The History Of The Alexander Cocktail.
The first printed recipe for the Alexander is from the 1917 book “Recipes For Mixed Drinks” by Hugo Ensslin. This early Alexander is gin-based, and so is the Alexander recipe in the Old Waldorf-Astoria. This means the two oldest known Alexander recipes are both gin cocktails. Even though the Old Waldorf-Astoria Bar Book was printed in 1935, it documented the bars recipes from the 1890s to 1920.
Europe, it seemed preferred to use Brandy instead of gin. The earliest printed recipes for the Alexander in Europe come from “The Savoy Cocktail Book” by Harry Craddock and “Harry’s ABC of Mixing Cocktails” by Harry McElhone. Both books refer to it only as an Alexander cocktail, not specifically a gin or brandy Alexander. Interestingly the Savoy list both the older style gin-based Alexander as an Alexander #1 and the brandy-based one as an Alexander #2. Harry’s ABC book only lists the brandy recipe and does not have the gin version. With all the European cocktail books I looked through from the 1930s on, I noticed that most had both a gin version and a brandy version and referred to both of them as Alexanders. The gin-based Alexander is often called an Alexander #1, and the brandy-based one is called an Alexander #2.
The first American book I could find to include an Alexander with brandy is the 1951 book “Bottoms Up” by Ted Saucier. He lists them as an Alexander (Gin) and an Alexander (Brandy). By the 1970s, the gin-based Alexander goes back to just being called an Alexander, and the Brandy one gains its more common current name of a Brandy Alexander. I first saw this naming convention used in the 1972 Trader Vic’s Cocktail Guide.
Personally, I like the Bottoms Up naming convention for the Alexander and its variations. It’s clear and descriptive and easily allows for additional variations.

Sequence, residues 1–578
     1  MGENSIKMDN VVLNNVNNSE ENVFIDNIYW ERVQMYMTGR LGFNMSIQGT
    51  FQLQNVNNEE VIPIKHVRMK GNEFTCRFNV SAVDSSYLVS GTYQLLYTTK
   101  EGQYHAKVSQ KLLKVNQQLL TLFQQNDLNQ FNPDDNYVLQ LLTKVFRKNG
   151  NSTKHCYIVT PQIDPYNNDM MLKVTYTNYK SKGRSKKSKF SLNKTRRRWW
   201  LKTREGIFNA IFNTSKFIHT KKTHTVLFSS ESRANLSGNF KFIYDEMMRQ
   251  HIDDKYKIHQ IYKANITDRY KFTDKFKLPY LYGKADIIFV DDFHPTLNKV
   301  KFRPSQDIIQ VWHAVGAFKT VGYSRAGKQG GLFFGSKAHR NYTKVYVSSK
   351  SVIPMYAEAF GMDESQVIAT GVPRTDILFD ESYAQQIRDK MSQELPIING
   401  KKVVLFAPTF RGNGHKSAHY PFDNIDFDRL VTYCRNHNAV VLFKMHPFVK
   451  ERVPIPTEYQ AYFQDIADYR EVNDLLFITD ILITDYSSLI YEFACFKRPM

Should I use Dark, White, or Clear Creme De Cacao?
None of the Alexander cocktail recipes specify precisely what kind of creme de cacao/chocolate liqueur to use, and honestly, they all taste the same. The dark, white, clear, or lightly aged color depends mainly on the base spirit used and if dyes were added. That being said, the white and dark brown chocolate-colored liqueurs are not naturally that color. Pigments are added to achieve that look. Clear ones were probably also manufactured using a super processed cocoa extract which is then added to sweetened vodka. A naturally colored creme de cacaos is either a light pale brown color or looks like a typically aged spirit like cognac. This depends on if the base spirit is an un-aged distillers alcohol/vodka or an aged spirit. You can easily see this at home by making your own creme de cacao. Add cocoa nibs to high-proof grain alcohol, let it soak for a few days, filter it, and combine it with vanilla extract, sugar, and water until you get a desirable flavor. The color will be a nice light pale brown from the soaked cocoa nibs.
Again the color is artificial unless it’s one of the two mentioned above and is not a result of the flavor extracting process, so get one you like. Ultimately all creme de cacaos are the same product, and the look and color are purely visual. Do you want a dark brown Alexander or a white one? They will taste practically the same so find a brand you like and go with it.